St. George's Church (YELLOW CHURCH)
Yellow Church, established in 1835 A.D. is the most famous and oldest church of Banda. Rather some records have been found that proved that Christianity was in Banda before 1809 A.D. but Yellow Church is best the symbol of British architecture and religion.
Yellow Church was built by Churches of India (CNI) for regular prayers of Catholic Englishmen and their families living in Banda during early British Period.
From last 170 years, Window Pans which was then imported from Belgium have not been replaced.
During 1857 revolt, no damage was made to the Church. It stands just as it is as it was.
The roof garders of this Church is made up English Cast Iron.
The Rust free 170 years old Windowsw Speaks the tale of fine English metallurgical talent.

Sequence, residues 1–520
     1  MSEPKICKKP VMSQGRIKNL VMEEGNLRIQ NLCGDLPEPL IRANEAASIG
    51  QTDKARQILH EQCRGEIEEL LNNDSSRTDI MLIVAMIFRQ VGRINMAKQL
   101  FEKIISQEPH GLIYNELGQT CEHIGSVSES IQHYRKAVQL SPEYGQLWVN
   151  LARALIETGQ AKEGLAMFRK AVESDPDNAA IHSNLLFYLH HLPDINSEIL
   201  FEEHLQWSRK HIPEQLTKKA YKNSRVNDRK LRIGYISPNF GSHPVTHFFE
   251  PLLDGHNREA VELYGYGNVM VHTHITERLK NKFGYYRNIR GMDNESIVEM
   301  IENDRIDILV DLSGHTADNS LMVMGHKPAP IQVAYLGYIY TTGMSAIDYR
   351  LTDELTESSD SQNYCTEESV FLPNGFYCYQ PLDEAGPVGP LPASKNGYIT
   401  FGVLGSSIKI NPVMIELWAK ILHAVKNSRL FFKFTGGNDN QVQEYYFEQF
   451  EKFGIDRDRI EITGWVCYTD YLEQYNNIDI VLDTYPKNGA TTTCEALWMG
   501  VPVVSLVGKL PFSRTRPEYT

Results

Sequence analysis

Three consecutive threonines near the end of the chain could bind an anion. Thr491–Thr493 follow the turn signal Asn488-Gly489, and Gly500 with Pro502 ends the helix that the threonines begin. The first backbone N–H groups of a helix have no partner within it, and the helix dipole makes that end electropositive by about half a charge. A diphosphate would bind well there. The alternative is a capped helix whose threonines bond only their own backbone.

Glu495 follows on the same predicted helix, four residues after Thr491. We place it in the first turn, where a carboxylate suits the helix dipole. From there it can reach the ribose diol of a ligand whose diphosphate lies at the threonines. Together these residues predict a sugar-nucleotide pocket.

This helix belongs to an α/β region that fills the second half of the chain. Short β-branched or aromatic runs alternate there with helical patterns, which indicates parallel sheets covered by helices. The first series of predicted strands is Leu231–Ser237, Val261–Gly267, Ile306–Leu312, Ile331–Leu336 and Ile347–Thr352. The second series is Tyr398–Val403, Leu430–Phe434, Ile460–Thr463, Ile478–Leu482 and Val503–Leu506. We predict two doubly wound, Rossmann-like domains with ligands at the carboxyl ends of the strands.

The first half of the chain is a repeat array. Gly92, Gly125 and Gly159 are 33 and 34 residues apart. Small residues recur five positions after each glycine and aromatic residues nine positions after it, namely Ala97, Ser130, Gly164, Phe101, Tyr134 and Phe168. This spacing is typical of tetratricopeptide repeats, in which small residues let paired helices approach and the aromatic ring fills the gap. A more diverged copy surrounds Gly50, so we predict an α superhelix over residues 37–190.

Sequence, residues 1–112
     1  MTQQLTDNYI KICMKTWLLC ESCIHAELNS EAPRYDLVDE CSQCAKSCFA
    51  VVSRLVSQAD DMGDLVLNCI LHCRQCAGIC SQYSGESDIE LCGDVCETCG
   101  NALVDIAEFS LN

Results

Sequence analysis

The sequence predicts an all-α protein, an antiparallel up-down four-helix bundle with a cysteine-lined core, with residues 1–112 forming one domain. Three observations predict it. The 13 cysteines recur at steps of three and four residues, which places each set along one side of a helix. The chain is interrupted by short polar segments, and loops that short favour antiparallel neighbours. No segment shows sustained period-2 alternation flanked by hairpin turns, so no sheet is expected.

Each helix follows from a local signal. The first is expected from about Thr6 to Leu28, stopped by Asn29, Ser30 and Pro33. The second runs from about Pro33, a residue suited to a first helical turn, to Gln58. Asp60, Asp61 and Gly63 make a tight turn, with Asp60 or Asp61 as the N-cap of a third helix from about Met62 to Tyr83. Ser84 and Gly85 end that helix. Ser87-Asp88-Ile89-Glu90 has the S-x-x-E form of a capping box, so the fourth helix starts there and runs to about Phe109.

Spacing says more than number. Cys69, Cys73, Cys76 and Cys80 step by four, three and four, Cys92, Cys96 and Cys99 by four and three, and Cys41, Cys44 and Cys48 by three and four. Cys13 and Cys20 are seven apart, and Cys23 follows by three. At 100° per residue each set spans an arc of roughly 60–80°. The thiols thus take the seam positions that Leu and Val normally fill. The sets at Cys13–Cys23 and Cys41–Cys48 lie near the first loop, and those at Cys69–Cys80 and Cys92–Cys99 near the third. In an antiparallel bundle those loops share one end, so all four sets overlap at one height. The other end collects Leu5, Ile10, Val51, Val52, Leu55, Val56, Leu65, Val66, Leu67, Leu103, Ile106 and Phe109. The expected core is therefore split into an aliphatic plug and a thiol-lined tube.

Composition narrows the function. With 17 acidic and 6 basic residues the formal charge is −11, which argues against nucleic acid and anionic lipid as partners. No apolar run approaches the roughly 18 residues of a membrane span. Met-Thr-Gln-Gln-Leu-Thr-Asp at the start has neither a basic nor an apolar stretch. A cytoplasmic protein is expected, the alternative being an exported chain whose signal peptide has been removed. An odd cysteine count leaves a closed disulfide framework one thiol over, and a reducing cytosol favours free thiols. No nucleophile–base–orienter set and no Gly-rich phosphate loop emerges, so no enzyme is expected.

The Church is built in Typical Italian Style with Conical Tops and Tall Windows.
Inside the Campus there are three graves of Norwegia. LbbbbNatives of this Church.


  • Banda University of Agriculture and Technology is an agricultural university at Banda.
  • Government Medical College, Banda is a state medical college in Banda.
  • [KCNIT Kali Charan Nigam Institute of technology] is 3 km apart from banda city.
  • [Pt.j n PG college], is in main city banda.
  • [Banda university of Agriculture and technology] is near about circuit house.
  • [Gvot Engineering college], formerly Dr. Bhim Rao Ambedkar Engineering college of Information in Atarra city and 29 km apart from banda city.
  • [Banda Paramedical college], Charity Hospital Kotwali Road, Banda.

Saraswati Vidya Mandir Inter College & Government Inter College is one of the best inter collge in this city.


  1. ^ "Banda City Census 2011 data". Census 2011 - Census of India.